Often, we get questions regarding the kind of antivirus we run. I’ll talk to them about what we install on all systems, and about why we choose antivirus A over antivirus B. Truthfully, antivirus in general is mediocre at best. The best antivirus really is; you, the end user.
Any antivirus package, free or premium, is the way that they detect viruses. Generally speaking, the virus must already be widely known. This means that the virus must have been successful at some point on a large enough scale to be “found out”. Secondly, it has to be detectable by known methods. It is true that these requirements still cover a large selection of viruses and malware, so what’s left that antivirus doesn’t deal with well? Newly written or custom viruses may not match any known profile and can avoid detection. There are also polymorphic and self-encrypting viruses that are able to modify their behaviors or code well enough to cloak themselves from antivirus systems. “Rare” and seldom deployed viruses may not have had enough attention to be added to a known virus database as well. Antivirus is a completely reactive technology that can only deal with previously known quantities.
The best antivirus is a user that pays attention to what they’re doing. Using some basic rules, a user can avoid getting a virus on their computer in the first place. I like to teach our end users about the most common methods of virus deployment, starting with email. Email is hands down the biggest vector for malicious viruses. Good email policy in an environment can help filter a lot of the bad stuff out, but like antivirus, it is not fool proof. Email attachments or a link in an email to a website are the most common kinds of these vectors.
If you’re not sure what you’re downloading or why someone would be sending you a link, don’t click on it. If you suspect anything suspicious forward it to your IT to verify it is anything suspicious. This really comes down to being able to identify a fishy email. If the email seems suspicious, it most likely is. Most of the time your gut feeling is right when it comes to a malicious email.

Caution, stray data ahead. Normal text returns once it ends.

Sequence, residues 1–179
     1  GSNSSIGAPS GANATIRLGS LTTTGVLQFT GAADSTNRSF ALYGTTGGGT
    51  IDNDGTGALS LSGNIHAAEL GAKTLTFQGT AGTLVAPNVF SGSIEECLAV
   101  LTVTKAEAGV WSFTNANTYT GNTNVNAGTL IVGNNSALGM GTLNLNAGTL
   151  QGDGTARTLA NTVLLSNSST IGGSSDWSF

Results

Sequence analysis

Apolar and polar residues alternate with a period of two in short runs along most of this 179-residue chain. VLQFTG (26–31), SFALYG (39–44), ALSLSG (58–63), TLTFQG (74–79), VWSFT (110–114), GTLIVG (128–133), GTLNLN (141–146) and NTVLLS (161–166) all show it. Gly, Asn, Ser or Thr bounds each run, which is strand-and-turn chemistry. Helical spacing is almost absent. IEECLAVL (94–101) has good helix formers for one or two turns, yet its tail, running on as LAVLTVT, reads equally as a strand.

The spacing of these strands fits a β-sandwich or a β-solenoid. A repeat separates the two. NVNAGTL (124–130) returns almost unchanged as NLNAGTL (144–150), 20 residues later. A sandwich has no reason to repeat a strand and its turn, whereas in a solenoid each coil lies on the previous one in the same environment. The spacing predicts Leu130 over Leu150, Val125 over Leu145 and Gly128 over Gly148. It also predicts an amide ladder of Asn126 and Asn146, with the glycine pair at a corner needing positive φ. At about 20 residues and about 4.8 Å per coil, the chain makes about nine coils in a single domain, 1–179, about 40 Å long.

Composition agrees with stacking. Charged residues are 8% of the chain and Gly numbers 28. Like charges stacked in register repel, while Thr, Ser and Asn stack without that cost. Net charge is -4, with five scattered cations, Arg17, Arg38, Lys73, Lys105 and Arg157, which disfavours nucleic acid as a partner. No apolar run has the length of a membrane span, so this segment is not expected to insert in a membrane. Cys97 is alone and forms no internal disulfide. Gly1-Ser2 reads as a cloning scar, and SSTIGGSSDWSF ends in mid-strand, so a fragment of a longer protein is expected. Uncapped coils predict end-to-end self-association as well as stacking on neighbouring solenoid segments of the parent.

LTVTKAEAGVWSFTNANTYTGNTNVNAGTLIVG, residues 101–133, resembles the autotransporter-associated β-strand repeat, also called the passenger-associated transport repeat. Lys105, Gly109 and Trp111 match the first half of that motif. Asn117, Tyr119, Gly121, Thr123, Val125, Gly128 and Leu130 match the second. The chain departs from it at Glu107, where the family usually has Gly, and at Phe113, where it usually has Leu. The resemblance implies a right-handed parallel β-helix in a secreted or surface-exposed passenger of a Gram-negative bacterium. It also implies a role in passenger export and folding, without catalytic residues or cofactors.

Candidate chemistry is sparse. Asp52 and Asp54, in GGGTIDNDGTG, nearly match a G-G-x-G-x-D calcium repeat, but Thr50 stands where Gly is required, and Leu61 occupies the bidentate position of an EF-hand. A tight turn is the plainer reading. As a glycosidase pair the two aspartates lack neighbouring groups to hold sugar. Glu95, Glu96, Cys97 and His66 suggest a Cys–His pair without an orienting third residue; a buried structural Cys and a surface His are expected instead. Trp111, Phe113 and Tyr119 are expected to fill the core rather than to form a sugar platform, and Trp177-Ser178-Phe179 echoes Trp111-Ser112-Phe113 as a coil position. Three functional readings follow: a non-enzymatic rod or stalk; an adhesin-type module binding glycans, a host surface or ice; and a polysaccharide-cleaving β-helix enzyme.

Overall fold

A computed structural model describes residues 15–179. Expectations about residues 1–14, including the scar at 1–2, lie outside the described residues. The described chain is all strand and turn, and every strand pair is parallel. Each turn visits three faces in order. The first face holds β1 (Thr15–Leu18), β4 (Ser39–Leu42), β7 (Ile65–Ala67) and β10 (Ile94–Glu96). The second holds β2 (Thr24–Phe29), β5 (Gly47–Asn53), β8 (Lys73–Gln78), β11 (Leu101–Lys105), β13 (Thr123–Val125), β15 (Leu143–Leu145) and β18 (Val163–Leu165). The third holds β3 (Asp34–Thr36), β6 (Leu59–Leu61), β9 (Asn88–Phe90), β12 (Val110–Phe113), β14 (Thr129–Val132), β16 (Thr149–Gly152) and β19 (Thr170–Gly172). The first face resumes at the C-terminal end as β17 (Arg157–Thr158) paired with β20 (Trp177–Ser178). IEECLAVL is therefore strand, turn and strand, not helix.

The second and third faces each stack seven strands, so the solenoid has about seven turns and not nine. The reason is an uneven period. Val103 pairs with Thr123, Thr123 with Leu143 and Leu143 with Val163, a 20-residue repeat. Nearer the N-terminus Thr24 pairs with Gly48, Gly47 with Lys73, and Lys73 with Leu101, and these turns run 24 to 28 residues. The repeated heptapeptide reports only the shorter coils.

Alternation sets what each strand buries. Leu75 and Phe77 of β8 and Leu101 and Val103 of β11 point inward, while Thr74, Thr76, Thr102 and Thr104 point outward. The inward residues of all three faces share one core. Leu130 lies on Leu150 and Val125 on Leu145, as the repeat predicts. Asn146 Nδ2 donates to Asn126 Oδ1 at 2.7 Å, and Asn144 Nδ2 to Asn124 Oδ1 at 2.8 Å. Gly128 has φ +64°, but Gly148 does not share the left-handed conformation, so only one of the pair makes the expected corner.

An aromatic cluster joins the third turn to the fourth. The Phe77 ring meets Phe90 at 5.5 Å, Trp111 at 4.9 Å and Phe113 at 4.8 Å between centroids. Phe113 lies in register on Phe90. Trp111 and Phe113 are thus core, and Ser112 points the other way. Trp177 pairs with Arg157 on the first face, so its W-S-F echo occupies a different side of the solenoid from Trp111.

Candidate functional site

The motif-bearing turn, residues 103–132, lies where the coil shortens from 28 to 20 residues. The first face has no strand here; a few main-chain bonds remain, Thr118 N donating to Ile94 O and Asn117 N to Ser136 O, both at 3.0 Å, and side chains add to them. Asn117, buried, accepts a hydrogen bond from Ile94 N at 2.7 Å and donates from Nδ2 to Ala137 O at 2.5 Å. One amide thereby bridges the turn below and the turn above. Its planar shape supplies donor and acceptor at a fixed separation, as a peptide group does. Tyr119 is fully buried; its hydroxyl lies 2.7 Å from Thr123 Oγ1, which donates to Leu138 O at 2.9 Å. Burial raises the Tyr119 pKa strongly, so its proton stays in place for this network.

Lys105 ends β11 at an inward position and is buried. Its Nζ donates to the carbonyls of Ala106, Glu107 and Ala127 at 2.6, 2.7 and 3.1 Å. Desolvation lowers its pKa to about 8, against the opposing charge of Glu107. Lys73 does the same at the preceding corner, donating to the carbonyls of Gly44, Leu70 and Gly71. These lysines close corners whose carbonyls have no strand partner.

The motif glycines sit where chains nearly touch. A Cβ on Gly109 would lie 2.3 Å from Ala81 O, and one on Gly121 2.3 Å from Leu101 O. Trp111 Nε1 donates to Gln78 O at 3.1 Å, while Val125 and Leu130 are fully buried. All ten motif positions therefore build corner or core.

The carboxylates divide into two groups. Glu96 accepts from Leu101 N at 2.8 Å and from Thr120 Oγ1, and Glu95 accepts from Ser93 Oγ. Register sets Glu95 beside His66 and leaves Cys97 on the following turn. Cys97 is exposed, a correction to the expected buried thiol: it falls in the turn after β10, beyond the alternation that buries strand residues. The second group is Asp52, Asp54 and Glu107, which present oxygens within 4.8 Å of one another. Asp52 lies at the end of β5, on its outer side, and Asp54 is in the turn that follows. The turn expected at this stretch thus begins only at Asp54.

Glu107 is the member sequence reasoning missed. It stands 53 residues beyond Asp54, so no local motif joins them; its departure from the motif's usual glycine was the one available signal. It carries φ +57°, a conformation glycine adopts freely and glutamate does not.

The second biggest culprit comes from browser-based attacks on malicious websites. These involve either a website or a redirection script that attempts to confuse a user into downloading something they didn’t intend. Don’t download anything unless you are 100% sure you know what it is. When you do install something, make sure you read while you’re going through the wizard to avoid installing another Ask toolbar. A good example of this are websites that want you to install helper programs for “high speed” downloads or search bar add-ons for a browser. (I’m looking at you Cnet). A website that pushes this kind of software should be considered questionable. If you need software installed on your system, or you need to use an online service, you should be going to the vendor’s website.
The last piece of basic protection that a user should know is their password. Antivirus does virtually nothing to stop a user from practicing bad password policy.
The two main rules here are:
- Change your passwords every so often.
- don’t use the same password everywhere.
The bottom line is that antivirus is a partial safety net, but will not guarantee protection. The best antivirus is an educated user.